Oxygen deficiency in corn seedling roots
Excessive rain soon after corn seed germination, especially in low areas of fields with heavy soils, is frequently associated with stunted plants. Much of that is caused by lack of oxygen to the roots. Oxygen is needed to maintain metabolism in root cells not only for production of new root tissue but also of other functions including defending against potential pathogens.
A comparison of corn seedling root structures growing in aerated and non-aerated conditions showed that the cells between the outer epidermis layer and the inner vascular tissue tended to collapse in the seminal roots lacking oxygen. These cells tended to be empty of cytoplasm but instead became empty spaces separated by the cell walls. Lack of cytoplasm was apparently the cause of reduced active uptake of potassium and assumedly other minerals by the seminal roots.
This study (Plant Physiol. (1980) 65, 506-511)showed that corn seedlings in oxygen deficient media tended to develop nodal roots sooner than those with adequate root oxygen as an apparent reaction to stress of the seminal roots. Prolonged oxygen stress ultimately resulted in less total root volume.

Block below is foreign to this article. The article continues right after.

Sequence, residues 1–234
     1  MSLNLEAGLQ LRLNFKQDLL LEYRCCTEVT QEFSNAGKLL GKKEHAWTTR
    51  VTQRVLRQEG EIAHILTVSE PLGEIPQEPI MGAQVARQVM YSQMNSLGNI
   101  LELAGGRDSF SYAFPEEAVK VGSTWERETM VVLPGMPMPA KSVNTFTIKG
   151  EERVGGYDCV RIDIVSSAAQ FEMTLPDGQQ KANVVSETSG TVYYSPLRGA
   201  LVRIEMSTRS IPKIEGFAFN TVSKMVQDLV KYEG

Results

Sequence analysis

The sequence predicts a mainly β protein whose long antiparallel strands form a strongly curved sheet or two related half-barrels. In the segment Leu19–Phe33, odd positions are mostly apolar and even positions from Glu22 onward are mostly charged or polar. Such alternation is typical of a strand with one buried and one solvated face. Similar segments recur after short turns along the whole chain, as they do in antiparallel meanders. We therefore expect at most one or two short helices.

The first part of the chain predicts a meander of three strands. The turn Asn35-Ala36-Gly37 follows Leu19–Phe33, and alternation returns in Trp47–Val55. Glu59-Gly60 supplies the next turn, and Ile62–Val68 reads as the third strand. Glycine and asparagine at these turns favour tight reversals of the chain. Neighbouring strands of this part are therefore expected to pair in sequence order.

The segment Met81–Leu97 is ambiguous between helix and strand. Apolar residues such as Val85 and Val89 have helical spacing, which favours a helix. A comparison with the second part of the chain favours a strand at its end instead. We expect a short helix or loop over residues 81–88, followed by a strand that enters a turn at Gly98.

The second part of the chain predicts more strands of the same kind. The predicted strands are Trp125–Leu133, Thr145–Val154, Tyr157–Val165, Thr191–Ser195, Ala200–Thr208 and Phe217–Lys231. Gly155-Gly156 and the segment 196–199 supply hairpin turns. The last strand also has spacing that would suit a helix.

Symptoms of mineral deficiency in young corn plants in excessive, prolonged water areas of fields is associated with oxygen deficiency in corn roots. This results in less mineral uptake into roots and transfer of the minerals through the vascular system to the shoots. Prolonged oxygen deficiency results in reduced total root volume, less minerals available for shoot growth and potentially less water uptake in late season dry environment.
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About Corn Journal
The purpose of this blog is to share perspectives of the biology of corn, its seed and diseases in a mix of technical and not so technical terms with all who are interested in this major crop. With more technical references to any of the topics easily available on the web with a search of key words, the blog will rarely cite references but will attempt to be accurate. Comments are welcome but will be screened before publishing. Comments and questions directed to the author by emails are encouraged.